Consequently, Grant contrived an excuse to start a war in order to justify seizing the Hills by force. He planned to provoke the small minority of Lakota living off their reservation in “un-ceded” lands where the Fort Laramie Treaty granted them hunting privileges. In November 1875 Grant called the general commanding the region and the commissioner of Indian affairs to a White House meeting. Together they prepared an ultimatum requiring the Indians to return to their reservations by January 31, 1876 or be declared hostile. In the dead of winter, it was an impossible demand.

The result was the famous Battle of the Little Big Horn, which resulted in the deaths of Lieutenant-Colonel Custer and about 300 cavalrymen. But the Indian victory was only temporary. Indian commission George Manypenny arrived at the Sioux reservation in September 1876 to practically dictate a settlement. He compelled the tribes to accept his terms by telling them that they would be moved to present-day Oklahoma, forfeit their firearms and horses, and no longer be supplied rations if they declined.  

Sioux descendants litigated the settlement well into the twentieth century. In 1980 the U. S Supreme Court awarded eight tribes $106 million in compensation for “a taking of tribal property,” but the Sioux refused it. The money has remained in escrow and grown to about $1 billion. Prior to the Supreme Court ruling, a lower court judge wrote in 1975 of the Manypenny Agreement:  “A more ripe and rank case of dishonorable dealing will never, in all probability, be found in our history.” (Source: Jeffrey Ostler, The Lakota’s and the Black Hills, Viking Publishers, 2010).

Although I do not personally believe that Grant statues should be torn down, in fairness, however, cancel culture warriors should consider his racism and other faults before continuing with the destruction of Confederate memorials.

Racist Midwestern Icons

(March 27, 2021) Although today’s race-obsessed cancel culture eagerly destroys Southern icons, statue critics should also examine Northern racism in order to avoid hypocrisy. While recent Civil War Chat episodes discuss examples of Northern racist icons such as William T. Sherman and William Seward, today’s episode focuses on Midwestern racism generally. During his 1831-32 American tour, French nobleman Alexis de Tocqueville found racial prejudice to be “stronger in the states where they have abolished slavery than where it still existed [and] nowhere stronger than in those states where servitude has never been known.” Among the midwestern states and territories he visited that never had slavery were Wisconsin, Michigan and Ohio. As shall be discussed the situation was much the same in the states and territories of Indiana, Illinois, Iowa and Minnesota.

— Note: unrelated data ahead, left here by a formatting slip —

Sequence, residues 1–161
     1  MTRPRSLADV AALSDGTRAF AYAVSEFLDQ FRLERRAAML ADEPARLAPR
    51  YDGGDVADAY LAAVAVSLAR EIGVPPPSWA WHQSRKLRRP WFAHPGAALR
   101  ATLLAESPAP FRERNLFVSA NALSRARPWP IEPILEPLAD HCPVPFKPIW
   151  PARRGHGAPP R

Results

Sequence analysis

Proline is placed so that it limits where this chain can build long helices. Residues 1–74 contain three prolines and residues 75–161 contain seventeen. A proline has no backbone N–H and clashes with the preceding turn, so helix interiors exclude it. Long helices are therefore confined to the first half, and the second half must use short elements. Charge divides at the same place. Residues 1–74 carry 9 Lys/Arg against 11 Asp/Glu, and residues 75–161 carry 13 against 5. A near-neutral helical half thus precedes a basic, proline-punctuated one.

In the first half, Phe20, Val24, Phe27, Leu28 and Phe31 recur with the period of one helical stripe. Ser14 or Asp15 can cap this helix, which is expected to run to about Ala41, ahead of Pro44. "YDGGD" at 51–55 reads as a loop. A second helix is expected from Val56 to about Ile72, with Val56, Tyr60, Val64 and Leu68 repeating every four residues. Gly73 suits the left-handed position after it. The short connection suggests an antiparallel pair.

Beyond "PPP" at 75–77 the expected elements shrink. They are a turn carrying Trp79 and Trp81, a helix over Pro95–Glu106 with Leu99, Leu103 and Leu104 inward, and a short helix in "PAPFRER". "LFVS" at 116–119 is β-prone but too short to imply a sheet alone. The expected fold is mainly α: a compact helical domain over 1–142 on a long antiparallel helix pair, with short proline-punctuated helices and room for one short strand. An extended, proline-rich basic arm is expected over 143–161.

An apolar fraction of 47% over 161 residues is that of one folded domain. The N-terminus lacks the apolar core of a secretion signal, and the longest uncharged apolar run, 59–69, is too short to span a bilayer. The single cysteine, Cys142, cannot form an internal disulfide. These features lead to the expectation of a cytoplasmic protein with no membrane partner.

Consider Lincoln’s home state of Illinois. When Lincoln was twenty-one years old in 1830 1.6% of the state’s population was black. When he ran for President thirty years later in 1860 blacks comprised only 0.4% of Illinois residents. As a territory in 1813 Illinois outlawed “incoming free black(s).” Any that did arrive could be punished with 39 lashes every fifteen days until they left. By 1829 the prohibition was relaxed but free blacks seeking to enter the state had to post a $1,000 bond with proof of freedom. In 1848 Illinois voters approved “black exclusion laws” by a four-to-one margin. In 1853 the state passed a law that would penalize anyone bringing a free black into the state with a fine of $100 – $500 and up to a year in jail.

In 1859 Republican Senator Lyman Trumbull of Illinois opposed giving equal rights to blacks. “We the Republican Party,” he said, “are the white man’s party . . . we are for the free white man.” Three years later during a Senate discussion concerning wartime slave confiscation he said, “[Illinoisians] want nothing to do with the negro . . . They ask, ‘what will we do with them; we do not want them set free to come among us. . .’” Other Illinois politicians agreed. Although Republican Congressman Owen Lovejoy opposed slavery, he believed blacks to be endemically inferior and felt America was meant exclusively for whites. Since the state’s wartime Governor Richard Yates believed that blacks could never compete effectively with whites in the Northern economy, he considered emancipation as a way to rid the North of blacks. They would, he argued, migrate to the South where their skills suited the region’s economy.

A month after Trumbull’s Senate remarks above, Lincoln’s hometown newspaper and frequent media mouthpiece, Springfield’s Illinois State Journal, wrote: “The truth is the N-word is an unpopular institution in the free states. Even those who are unwilling to rob them of all the rights of humanity . . . do not care to be brought into close contact with them. . . Now we confess that we have this in common with 95% of our people against the N-word.” In August 1861 the Republican-loyal Chicago Tribune wrote, “The great ally of the slaveholders in this country is the apprehension in the Northern mind that if the slaves were liberated, they would become roaming, vicious vagabonds, that would overrun the North; and from the day they were made free, they would cease to work.”